In 2014 Suncor made an investment in a biodiesel technology commercialization company. Along with this investment, we are participating in our first commercial-scale biodiesel plant in Nebraska.

Our investment in ethanol

We have been blending ethanol in our retail fuels since 1992. The St. Clair ethanol plant opened in Mooretown, Ont., in 2006 and we doubled the plant’s production capacity to 400 million litres of corn-based ethanol annually in 2011.

The ethanol produced at the St. Clair plant is blended into our Petro-Canada branded gasoline, providing a lower environmental impact than, non-ethanolized gasoline and ensuring we meet government-mandated blending standards.

In Canada, the Federal Renewable Fuel Regulations requires an average of 5% renewable ethanol content in gasoline across Canada.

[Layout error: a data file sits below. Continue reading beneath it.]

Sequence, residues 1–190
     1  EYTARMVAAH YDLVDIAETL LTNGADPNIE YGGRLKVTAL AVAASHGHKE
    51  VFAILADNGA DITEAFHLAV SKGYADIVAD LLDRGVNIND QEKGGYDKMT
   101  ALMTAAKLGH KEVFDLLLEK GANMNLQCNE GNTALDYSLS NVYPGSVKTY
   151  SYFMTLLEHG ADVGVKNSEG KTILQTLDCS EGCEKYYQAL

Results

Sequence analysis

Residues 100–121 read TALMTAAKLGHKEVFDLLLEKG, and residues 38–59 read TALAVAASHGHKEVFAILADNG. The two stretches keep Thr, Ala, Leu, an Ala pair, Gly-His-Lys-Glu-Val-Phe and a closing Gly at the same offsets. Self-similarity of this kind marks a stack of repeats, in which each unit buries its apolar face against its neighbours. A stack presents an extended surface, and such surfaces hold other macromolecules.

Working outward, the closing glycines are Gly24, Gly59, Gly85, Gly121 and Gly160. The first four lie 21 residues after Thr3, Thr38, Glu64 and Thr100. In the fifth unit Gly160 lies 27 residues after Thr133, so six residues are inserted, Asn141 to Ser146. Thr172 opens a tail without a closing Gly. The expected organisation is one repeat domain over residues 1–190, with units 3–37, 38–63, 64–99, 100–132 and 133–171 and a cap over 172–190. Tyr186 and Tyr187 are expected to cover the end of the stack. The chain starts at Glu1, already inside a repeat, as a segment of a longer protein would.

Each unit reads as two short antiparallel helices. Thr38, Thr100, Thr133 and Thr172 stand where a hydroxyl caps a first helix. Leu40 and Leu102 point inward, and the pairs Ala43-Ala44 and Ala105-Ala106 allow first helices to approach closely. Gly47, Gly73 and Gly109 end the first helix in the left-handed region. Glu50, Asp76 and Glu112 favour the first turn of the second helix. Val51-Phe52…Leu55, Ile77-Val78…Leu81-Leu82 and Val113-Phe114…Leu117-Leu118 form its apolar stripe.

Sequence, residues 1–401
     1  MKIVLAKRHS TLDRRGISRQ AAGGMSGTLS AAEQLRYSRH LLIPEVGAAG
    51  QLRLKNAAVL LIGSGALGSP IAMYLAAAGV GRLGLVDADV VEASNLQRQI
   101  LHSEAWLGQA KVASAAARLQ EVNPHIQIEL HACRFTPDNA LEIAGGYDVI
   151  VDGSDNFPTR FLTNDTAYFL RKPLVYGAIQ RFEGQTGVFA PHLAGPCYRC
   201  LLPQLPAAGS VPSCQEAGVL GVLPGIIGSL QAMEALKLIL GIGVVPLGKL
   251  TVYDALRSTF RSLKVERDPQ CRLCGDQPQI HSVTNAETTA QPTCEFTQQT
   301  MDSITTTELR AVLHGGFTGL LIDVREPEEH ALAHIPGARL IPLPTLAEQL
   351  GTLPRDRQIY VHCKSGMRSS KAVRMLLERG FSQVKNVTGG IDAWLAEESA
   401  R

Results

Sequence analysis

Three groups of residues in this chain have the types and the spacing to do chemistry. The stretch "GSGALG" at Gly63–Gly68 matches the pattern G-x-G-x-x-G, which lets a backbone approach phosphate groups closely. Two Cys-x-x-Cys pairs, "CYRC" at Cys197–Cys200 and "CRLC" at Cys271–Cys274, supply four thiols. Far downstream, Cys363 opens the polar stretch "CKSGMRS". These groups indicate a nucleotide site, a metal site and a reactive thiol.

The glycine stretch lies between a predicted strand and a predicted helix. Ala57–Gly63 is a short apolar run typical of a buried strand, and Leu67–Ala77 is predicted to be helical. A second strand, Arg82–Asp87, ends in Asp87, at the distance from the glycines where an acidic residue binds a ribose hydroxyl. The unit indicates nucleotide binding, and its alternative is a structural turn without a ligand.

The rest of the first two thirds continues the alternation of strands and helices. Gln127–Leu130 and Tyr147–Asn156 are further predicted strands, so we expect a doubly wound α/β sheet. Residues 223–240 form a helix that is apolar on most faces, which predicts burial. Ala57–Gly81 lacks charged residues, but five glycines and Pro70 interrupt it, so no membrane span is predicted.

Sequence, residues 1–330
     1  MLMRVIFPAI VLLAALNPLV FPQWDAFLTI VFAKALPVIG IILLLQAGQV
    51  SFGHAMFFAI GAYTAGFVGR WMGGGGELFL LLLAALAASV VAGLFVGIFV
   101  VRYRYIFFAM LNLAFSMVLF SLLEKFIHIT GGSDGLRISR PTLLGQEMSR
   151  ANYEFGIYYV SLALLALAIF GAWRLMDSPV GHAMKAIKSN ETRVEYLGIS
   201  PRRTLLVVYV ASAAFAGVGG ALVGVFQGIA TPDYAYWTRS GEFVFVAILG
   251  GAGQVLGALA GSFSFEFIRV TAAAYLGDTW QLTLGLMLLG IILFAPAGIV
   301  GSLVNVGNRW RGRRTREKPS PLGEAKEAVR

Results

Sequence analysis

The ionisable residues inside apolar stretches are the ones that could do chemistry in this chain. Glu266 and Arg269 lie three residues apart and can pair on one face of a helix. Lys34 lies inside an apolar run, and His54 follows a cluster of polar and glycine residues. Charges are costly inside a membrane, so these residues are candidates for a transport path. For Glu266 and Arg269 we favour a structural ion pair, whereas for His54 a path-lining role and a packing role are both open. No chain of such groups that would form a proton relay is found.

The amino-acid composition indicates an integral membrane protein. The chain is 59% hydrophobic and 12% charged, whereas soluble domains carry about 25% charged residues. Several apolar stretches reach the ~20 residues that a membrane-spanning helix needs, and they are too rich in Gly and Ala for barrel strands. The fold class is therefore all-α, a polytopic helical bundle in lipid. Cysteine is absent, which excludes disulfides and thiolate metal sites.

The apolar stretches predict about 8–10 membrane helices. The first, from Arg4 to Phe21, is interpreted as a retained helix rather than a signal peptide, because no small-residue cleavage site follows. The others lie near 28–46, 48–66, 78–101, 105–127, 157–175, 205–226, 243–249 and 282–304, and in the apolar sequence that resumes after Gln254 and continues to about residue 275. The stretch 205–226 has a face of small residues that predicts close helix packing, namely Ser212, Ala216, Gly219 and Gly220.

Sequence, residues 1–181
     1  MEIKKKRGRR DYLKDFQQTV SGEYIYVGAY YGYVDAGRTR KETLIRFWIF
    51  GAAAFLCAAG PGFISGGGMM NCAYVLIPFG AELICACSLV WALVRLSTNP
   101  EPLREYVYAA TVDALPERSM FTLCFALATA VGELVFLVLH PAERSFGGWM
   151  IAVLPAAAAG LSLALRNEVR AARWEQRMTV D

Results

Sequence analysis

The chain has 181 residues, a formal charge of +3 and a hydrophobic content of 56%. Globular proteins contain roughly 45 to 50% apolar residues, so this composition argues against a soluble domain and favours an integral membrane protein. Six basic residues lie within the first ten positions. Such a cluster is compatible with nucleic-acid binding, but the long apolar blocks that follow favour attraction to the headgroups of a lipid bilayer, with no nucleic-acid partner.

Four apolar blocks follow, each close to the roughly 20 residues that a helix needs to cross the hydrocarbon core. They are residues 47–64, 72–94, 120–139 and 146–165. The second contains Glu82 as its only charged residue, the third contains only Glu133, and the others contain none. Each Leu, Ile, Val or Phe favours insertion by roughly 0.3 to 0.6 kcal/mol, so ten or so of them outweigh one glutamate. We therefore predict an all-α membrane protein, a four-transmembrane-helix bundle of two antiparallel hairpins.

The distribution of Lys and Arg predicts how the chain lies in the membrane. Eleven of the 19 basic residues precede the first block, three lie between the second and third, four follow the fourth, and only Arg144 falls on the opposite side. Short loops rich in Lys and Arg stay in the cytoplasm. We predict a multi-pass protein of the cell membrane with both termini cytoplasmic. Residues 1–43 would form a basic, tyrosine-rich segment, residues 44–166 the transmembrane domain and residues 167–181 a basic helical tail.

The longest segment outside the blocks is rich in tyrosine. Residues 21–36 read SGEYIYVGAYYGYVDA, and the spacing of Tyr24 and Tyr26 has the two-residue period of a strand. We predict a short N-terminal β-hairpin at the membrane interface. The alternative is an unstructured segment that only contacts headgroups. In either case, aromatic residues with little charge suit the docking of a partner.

Some provinces have their own mandates for biofuel blending requirements, which means we need to purchase product from third parties to complement our supply from our St. Clair ethanol plant in Ontario.

There is growing evidence that biofuels, such as ethanol, are proven energy sources with demonstrable benefits.

The Conference Board of Canada concluded in a report titled Ethanol’s Potential Contribution to Canada’s Transportation Sector that:

  • ethanol reduces greenhouse gas emissions (GHG) relative to gasoline by between 40% and 62% depending on agricultural and production practices
  • improved farming techniques have significantly increased the average bushels of corn produced per acre, positively impacting water and fertilizer efficiency
  • today’s corn production is also more energy efficient

Although 10% ethanol-blended gasoline contains about 3% less energy than pure gasoline, it is an oxygenated fuel that has the ability to improve combustion efficiency in many vehicles. For most vehicles, this increased efficiency helps to offset the slightly lower energy content in the ethanol-blended gasoline.